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Booking Through Thurseday - Manual Labor Redux


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Scenario: You’ve just bought some complicated gadget home . . . do you read the accompanying documentation? Or not?

Do you ever read manuals?
How-to books?
Self-help guides?

Anything at all?

If I have just bought something I don't usually read the stuff that comes with it but I may refer to it as needed. I usually keep manuals around and am happy that I have when I need to know something. Even when the info isn't actually in the manual I feel better knowing that and know that it is probably time to call customer service.

How-to books and self-help guides? Sure. As I mentioned last week I feel a lot of these can help you be a better writer if you take the tools and apply them to your writing as well as to your life. Here is just a sampling of some of the books I have collected over the years.




Living Juicy: Daily Morsels for Your Creative Soul by Sark (Susan Ariel Rainbow Kennedy)

This book is pretty fun and amazing. Ity is full of bright colors and doodles and is all about embracing anything that you feel like outputting!

Sark has a whole series of b
ooks but I got this one years and years ago. As you can tell from her author picture, Sark isn't the type to take anything too seriously. Her books are a lovely combination of drawings and hand written pasages. Her website gives you a great look into her world and Google Book Search has a great preview of this book, but you sort of have to turn your head sideways. Maybe there is a setting that fixes that or something.

Up next is Beat Spirit by Mel Ash. This book is all about being who you are. Being the person you are on the inside and just pushing that part of you out. It is about not having fear. It doesn't just ask you to think outside of the box it asks you to BE outside of the box. This book was really helpful for me. I realized I just needed to stop being afraid of the person who I was inside. The one I thought I couldn't let out or no one would like me.

I really like self help books. Not the gimicky kind. But ones that are really about growing, even if you don't take everything thing they say to heart there are so many things you can still learn. I know that a lot of times I find myself thinking "That's crazy!" But then later I notice myself thinking differently, thinking one step closer to that craziness I was just denouncing.

Do you have a book like one of these tucked into your life? Following you through it? Maybe you don't even read it yet you can't bring yourself to get rid of it.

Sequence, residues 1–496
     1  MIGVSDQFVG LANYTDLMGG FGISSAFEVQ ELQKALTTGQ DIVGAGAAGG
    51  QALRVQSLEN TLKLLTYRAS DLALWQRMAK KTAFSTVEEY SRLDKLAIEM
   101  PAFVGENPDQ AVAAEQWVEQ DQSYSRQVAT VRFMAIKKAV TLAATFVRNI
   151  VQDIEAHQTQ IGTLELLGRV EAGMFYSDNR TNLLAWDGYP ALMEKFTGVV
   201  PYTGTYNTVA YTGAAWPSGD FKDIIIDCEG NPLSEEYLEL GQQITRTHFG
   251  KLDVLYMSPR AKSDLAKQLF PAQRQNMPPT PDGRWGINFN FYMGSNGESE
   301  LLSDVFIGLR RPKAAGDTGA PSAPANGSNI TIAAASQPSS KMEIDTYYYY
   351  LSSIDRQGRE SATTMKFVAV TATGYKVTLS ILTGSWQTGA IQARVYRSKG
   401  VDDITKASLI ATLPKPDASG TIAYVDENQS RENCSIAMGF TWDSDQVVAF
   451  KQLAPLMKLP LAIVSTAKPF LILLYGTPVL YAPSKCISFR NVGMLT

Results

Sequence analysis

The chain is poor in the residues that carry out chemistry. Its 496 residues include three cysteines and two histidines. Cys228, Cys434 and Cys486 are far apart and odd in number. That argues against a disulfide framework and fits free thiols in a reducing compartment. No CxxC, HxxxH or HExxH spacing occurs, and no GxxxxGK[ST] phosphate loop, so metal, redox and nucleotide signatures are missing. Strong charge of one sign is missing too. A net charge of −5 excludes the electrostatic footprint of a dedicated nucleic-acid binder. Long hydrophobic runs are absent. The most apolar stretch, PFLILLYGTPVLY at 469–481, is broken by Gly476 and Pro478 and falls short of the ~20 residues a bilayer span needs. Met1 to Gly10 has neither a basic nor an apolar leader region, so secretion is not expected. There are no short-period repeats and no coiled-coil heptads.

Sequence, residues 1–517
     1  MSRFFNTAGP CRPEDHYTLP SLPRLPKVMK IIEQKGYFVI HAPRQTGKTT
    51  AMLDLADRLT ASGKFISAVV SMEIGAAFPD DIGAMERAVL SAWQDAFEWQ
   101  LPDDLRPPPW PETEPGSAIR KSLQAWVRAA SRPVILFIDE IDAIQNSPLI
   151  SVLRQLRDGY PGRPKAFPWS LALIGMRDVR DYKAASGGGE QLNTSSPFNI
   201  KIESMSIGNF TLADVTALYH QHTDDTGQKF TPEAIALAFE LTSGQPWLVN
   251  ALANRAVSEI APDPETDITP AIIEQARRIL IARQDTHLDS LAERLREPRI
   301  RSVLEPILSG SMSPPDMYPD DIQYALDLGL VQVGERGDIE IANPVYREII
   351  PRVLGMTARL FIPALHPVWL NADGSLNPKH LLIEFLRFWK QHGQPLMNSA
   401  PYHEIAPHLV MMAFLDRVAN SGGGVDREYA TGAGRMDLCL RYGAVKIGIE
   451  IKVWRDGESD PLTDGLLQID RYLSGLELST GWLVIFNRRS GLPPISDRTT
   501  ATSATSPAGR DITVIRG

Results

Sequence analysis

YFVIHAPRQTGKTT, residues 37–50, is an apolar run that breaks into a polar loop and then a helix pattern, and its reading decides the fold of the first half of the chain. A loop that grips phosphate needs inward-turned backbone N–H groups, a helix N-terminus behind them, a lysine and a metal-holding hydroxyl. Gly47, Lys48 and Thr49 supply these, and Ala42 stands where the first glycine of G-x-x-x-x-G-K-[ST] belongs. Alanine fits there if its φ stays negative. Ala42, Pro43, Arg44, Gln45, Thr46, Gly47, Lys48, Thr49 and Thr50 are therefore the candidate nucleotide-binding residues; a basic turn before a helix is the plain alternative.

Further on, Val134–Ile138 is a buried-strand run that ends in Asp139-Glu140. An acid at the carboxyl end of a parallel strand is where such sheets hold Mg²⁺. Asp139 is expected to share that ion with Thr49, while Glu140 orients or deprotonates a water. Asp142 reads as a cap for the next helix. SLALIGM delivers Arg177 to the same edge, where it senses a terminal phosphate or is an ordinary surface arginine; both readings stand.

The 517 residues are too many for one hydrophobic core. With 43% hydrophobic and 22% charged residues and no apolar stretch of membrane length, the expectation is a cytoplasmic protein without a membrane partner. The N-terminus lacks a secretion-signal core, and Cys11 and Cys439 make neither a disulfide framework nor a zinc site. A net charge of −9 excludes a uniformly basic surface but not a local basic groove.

Comments

  1. I think I need to read Beat Spirit. Ha. I don't usually read self-help books, but that one sounds...well, helpful.

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  2. Chelsea-
    I really like the workbook style self help book, which both of these are, because they call for action from the reader. The action is so much easier to internalize.

    ReplyDelete
  3. As I said with my answer, the self-help books aren't really for me, but if someone gets something beneficial from them, of course I'm not opposed to that! I liked that you gave mini-reviews with your answer.

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  4. I think my general issue with self-help books is that so many of them ARE the gimicky kind. Perhaps I would like better the kind that you are describing, that are actually about growth. Part of the problem is that so many are just blindly prescriptive, without any interaction on the part of the reader, which isn't a very formational method for change.
    Plus, I'm just the kind of person who needs genuine formational experiences, just reading and thinking doesn't help me much in the 'self-help' genre. It is great that you are able to get stuff out of them, it is all about the learning styles.

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  5. dev-
    Thanks for explaining your reasons for not liking how self help books are written, I really appreciate the effort. It was great to read your insight!

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  6. Oooh these are great recommendations! Thank you (and thanks for your comment over on my blog).

    Not self-help per se, but I really loved Sera Beak's The Red Book: A Deliciously Unorthodox Approach to Igniting Your Divine Spark.

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  7. Thanks for the great recommendations! :) Will have to check them out.

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  8. Great answer!
    I like the Buddhist philosophy type self-help even though I'm not a Buddhist myself. They encourage mindfulness and compassion. Alot of other ones are too simplistic and preachy, at least some of the ones I've picked up.

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  9. I haven't read too many BTT responses yet, but I'm beginning to think I'm the only one who actually reads the manuals. Haha

    Your comment about liking self-help books, but not the gimmicky kind struck a chord with me. I admit that I don't read self-help books very often at all, but I do think that some self-help books can be valuable while others seem to be too generalized and commercial. Gimmicky is a good word to describe those kinds of books.

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  10. Hi Megan :)

    I noticed as soon as I throw out instructions etc...I need them, it happens every time. Enetually i figure it out on my own.

    Have a nice week-end :)

    ReplyDelete

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